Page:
Tangled City

For as long as people have been gathering in cities, planners have been shaping the urban landscape with the aim of bettering people’s quality of life. In Le Corbusier’s unrealized Ville Radieuse (Radiant City)—a 1924 masterplan for a new city designed on a strict, near-symmetrical grid—the perfect geometric form was seen as the key to a better society. The Congress for the New Urbanism, which was originally founded by a group of six architects in 1993 and now has chapters across North America, views coherent urban communities and the built form as necessary aspects of “economic vitality, community stability, and environmental health.”

The pragmatic principals of planning shape the urban landscape on the one hand—and it has long been established that the blueprints for our cities and neighbourhoods can improve our quality of life and physical health—but what is on the other? What about that intangible frenetic quality that defines the truly urban city—can, and should, we plan for that?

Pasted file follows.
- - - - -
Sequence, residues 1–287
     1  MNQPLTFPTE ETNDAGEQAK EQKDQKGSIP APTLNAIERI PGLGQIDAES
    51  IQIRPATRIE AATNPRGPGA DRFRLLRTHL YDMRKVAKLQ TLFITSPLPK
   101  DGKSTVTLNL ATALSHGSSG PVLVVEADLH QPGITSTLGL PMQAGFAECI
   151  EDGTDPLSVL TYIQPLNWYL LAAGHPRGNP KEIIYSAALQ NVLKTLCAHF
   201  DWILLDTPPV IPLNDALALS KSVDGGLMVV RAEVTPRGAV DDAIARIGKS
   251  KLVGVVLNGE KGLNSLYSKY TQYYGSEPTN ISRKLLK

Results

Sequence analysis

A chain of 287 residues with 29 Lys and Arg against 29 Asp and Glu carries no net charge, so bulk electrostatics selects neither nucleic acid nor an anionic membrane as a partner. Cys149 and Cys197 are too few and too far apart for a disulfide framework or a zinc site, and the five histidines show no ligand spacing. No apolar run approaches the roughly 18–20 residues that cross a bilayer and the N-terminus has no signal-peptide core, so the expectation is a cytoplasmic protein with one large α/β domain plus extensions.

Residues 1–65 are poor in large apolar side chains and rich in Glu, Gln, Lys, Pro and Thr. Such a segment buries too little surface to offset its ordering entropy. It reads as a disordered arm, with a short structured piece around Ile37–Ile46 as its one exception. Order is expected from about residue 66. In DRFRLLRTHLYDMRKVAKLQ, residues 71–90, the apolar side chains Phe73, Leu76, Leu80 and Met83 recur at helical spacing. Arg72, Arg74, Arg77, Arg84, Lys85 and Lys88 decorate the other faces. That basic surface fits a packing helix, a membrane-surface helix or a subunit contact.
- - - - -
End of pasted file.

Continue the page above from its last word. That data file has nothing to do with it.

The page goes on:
In the Concrete Tangle, Will Wiles refers to the patchwork layers of London as the “tangle.” It is comprised of the jumble of parts incoherently strewn together across the urban landscape—from the mishmash of roads, bridges, tracks, and tunnels to broken, forgotten infrastructure. This tangle, writes Wiles, is a fundamental part of the urban experience, a “bracing shock that places the world in perspective and informs us, without either warmth or rancour, that our lives are enmeshed in a vital mechanism.”

In addition to firmly rooting us in the reality of the multifaceted city, the entropic nature of the tangle may invite people to use and interact with the built form in creative ways. Speaking about disorder in relation to the city, Jürgen Krusche of the Institute for Contemporary Art Research in Zurich said: “Decay leaves gaps that allow for life to spread.” In cities all over the world, underused inner-city spaces are being reclaimed and revived—from New York City’s High Line to community art projects.

Is there room for the “tangle” within the master planned landscape?

[Top Image: Lee Jang Sub - "ComplexCity" Vector Map of Moscow]

August 29, 2014 | No Comments (yet!)

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